See headnote to No. 61. Compare also Virgil's speech on literary dietics in Poetaster V. iii.
From Timber; or Discoveries…, in Workes… The Second Volume (1640), pp. 116-17; repr. Works, ed. Herford and Simpson (Oxford, 1925-52), VIII. 618:
Spencer, in affecting the Ancients, writ no Language: Yet I would have him read for his matter; but as Virgil read Ennius.
Ibid., p. 119; repr. Herford and Simpson, VIII. 622:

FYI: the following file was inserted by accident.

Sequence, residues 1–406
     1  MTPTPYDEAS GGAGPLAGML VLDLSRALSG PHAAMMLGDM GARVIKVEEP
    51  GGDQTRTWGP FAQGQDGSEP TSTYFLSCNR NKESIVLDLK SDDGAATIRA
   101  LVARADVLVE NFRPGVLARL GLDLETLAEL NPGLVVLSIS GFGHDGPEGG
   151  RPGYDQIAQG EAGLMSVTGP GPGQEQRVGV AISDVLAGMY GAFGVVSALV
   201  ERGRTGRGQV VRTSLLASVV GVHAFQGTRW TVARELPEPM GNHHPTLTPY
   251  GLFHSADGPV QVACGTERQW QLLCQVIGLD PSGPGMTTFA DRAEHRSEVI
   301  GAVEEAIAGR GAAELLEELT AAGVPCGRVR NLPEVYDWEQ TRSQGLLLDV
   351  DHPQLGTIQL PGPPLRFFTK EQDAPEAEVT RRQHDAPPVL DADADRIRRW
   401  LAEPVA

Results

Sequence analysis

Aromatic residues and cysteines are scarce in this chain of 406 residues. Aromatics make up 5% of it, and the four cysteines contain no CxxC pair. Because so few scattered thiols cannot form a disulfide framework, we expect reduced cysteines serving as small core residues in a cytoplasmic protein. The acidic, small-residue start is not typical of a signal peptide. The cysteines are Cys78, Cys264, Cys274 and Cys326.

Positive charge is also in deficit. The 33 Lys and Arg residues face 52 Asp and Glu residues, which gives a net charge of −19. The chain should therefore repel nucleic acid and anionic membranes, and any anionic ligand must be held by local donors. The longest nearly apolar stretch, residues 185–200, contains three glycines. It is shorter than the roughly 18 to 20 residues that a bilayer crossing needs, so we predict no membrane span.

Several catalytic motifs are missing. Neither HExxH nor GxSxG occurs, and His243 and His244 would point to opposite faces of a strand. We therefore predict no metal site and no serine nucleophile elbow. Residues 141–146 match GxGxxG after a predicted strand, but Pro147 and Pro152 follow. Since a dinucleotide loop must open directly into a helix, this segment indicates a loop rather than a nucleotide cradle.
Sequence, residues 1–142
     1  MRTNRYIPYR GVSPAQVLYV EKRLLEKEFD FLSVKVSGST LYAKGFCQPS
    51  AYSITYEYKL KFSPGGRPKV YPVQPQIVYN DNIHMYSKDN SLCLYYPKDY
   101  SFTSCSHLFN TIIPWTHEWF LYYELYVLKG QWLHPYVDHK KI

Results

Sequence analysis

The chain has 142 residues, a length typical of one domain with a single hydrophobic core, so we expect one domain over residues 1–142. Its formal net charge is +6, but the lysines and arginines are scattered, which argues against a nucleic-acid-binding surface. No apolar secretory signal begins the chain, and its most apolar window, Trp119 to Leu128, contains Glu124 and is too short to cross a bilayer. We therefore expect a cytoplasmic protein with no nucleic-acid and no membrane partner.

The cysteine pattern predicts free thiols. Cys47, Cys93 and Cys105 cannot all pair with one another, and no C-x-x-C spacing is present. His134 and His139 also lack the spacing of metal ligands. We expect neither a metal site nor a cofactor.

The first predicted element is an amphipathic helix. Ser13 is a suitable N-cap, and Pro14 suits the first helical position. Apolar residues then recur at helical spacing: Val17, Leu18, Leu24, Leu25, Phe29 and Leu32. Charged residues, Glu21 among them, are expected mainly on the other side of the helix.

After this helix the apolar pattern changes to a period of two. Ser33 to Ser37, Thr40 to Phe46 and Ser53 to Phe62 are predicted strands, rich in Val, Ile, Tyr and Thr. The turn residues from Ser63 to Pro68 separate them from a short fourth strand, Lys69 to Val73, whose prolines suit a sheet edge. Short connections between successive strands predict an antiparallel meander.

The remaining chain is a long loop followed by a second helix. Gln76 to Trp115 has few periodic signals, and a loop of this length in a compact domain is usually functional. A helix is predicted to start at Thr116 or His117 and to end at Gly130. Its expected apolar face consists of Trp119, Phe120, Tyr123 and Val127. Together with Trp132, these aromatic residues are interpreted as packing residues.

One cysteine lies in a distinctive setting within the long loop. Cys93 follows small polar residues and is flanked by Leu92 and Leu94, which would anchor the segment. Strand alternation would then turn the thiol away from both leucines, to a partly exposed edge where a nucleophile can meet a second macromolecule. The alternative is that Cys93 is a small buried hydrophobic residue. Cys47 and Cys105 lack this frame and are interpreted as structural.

Words borrow'd of Antiquity, doe lend a kind of Majesty to style, and are not without their delight sometimes. For they have the Authority of yeares, and out of their intermission doe win to themselves a kind of grace-like newnesse. But the eldest of the present, and newnesse of the past Language is the best. For what was the ancient Language, which some men so doate upon, but the ancient Custome? … Virgill was most loving of Antiquity; yet how rarely doth hee insert aquai, and pictai! Lucretius is scabrous and rough in these; hee seekes 'hem: As some doe Chaucerismes with us, which were better expung'd and banish'd.